Where the buffalo may soon roam. Marianne L. Hahn in Natural Area Notes (Spring): “Thirty-seven miles of chain link fence [will] permit reintroduction of bison” in the 43-square-mile Joliet Arsenal if a plan to turn it over to the U.S. Fish and Wildlife Service is approved. “To erect the fence at today’s costs would run about $4 million. Who would spend that much in today’s economic climate to restore bison to a reconstructed prairie? Yet here it’s in place.”

Commonwealth Edison: we’re there when you least expect us. Com Ed reports that nearly 63 percent of the coal ash from its fossil-fuel power plants is recycled; it can be found in the concrete of I-80, the Tri-State, the United Center, and Shedd Aquarium’s oceanarium.

On the way up, but not there yet. According to the Latino Institute’s LatStat (March), almost a third (31.7 percent) of Latino householders in Chicago owned their own homes in 1990–up from less than one-quarter (24.4 percent) in 1980, but still well below the 43 percent home-ownership rate of non-Latinos. That translates into an increase from 27,541 to 44,768 Chicago Latino home owners in ten years.

Not tonight, dear. I have poor posture. “The word ‘migraine’ is an overused label applied to all kinds of headaches,” many of which do not call for prescription medication, says Dr. Norman Harden of the Rehabilitation Institute on East Superior, quoted in a press release. “Most headaches are caused by simple things like poor posture, tension and diet.”

New horizons in museum marketing. Notice how the Chicago Academy of Sciences has started calling itself “the Nature Museum” these days? Cynthia Baniak, vice president for development and marketing, says the institution has learned from focus groups that “many people are intimidated by science, but they have a very positive association with the natural environment. Building on that point has become key to positioning the museum” (CAS Notes, June/July/August).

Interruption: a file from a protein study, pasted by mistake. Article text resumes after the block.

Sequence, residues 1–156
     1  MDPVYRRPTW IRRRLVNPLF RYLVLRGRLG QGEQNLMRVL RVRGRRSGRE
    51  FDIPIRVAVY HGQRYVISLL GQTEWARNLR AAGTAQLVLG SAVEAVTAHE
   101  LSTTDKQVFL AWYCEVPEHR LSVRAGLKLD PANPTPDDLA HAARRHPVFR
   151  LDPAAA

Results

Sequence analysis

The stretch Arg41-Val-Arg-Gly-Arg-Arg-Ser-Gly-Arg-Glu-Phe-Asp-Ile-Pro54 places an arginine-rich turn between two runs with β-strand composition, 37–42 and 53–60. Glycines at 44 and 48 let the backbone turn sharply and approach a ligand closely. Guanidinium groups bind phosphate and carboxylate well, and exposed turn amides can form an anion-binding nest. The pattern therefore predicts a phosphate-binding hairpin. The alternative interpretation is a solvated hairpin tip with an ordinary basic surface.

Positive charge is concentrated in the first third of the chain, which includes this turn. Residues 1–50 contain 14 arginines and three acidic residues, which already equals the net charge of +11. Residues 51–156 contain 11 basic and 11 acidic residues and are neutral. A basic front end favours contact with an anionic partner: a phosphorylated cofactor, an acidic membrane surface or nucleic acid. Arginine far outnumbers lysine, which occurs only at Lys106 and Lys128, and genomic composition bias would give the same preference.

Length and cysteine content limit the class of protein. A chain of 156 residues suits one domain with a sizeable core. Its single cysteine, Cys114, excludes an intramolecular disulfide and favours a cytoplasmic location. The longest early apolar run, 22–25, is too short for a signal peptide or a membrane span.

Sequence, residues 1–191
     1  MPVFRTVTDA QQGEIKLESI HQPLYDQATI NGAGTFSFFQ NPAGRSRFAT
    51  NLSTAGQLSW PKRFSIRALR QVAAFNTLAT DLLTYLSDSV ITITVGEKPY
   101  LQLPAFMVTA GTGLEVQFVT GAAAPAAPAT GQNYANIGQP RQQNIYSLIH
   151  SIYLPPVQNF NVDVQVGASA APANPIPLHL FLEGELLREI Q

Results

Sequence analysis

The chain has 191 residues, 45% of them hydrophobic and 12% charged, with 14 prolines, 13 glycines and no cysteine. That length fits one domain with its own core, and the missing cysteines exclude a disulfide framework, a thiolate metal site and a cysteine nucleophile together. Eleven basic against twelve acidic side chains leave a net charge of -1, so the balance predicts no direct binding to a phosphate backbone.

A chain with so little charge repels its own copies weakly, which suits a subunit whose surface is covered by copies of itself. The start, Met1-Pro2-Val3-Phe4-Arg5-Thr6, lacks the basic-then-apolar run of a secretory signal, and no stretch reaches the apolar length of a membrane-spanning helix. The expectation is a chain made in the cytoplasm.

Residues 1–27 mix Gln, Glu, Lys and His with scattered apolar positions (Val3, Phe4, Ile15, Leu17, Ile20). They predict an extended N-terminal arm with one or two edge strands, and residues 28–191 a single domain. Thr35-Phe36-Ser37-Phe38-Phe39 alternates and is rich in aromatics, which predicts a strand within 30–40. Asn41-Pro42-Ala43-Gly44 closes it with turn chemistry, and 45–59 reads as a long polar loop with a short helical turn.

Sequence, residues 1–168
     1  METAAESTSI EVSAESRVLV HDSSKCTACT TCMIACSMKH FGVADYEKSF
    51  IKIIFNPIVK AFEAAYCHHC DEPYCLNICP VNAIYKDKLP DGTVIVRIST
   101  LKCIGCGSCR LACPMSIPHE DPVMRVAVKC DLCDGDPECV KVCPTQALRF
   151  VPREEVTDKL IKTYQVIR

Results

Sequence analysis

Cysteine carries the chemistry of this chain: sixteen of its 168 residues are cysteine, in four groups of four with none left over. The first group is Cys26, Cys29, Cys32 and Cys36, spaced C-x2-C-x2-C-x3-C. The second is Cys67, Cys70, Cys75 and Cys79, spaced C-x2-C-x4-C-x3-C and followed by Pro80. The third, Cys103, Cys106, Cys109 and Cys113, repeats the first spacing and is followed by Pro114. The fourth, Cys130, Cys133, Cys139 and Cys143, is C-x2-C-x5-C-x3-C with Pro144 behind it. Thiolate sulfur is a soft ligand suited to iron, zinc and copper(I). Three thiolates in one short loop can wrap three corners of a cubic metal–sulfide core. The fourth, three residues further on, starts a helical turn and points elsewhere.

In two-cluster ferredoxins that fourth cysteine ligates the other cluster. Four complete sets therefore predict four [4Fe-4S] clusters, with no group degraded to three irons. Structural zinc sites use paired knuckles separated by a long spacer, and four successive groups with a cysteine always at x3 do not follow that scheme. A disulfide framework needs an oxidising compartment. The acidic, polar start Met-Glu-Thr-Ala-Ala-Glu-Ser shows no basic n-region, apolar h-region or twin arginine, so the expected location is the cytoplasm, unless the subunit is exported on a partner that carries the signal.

What, fish again tonight? The Cook County Forest Preserve District reports that its environmental-award-winning Skokie Lagoons Fisheries Restoration project included “the eradication and subsequent cleanup and disposal of 40 tons of non-desirable fish species.”

A good start may not be everything, but it’s close. The Chicago-based Child Development (April) reports that “Children whose early language-learning experiences… led to smaller vocabularies at age 3 had lower language and reading-related test scores in every grade from kindergarten through third grade.”

The best legislators money can buy. “Legislative elections in Illinois are very expensive” and getting more so, according to Kent Redfield in the Almanac of Illinois Politics–1994. “In 1990 combined spending per race exceeded $200,000 in only seven races for the house; only one senate race exceeded $500,000. By comparison in 1992 there were 17 house races with combined spending exceeding $200,000 and 5 senate races with combined spending exceeding $500,000.”

The continuing noncrisis. From the state Hazardous Waste Research and Information Center’s 1992-93 annual report: “The number of landfills permitted to accept non-hazardous waste is expected to drop from 146 in 1987 to 64 by the end of 1993. The reported remaining capacity of these landfills has increased.”

“If people aren’t prepared for jobs, two years and out just becomes a clever way to end welfare benefits,” West Humboldt Park welfare recipient Belinda Harris tells the Washington Post weekly (April 18-24). “What happens if you go off aid and you’re not ready? You’ve got no income and you’ve got no way you can make it without hitting Joey over the head. It’ll lead to more crime.”

Being censored just isn’t what it used to be. Utne Reader (May/June) lists the “top censored stories of 1993,” billed as “big news you didn’t hear.” Six of the top ten stories had originally been relegated to the obscurity of one of these publications: USA Today, the Los Angeles Times, U.S. News & World Report, Sports Illustrated, Woman’s Day, and the New York Times.

“Remember that before you had children you had a sense of humor,” Winnetka family counselor Gail Cutler reminds readers of Moments (April), “and you need to regain it for raising children.”

Art accompanying story in printed newspaper (not available in this archive): illusatrtion/Carl Kock.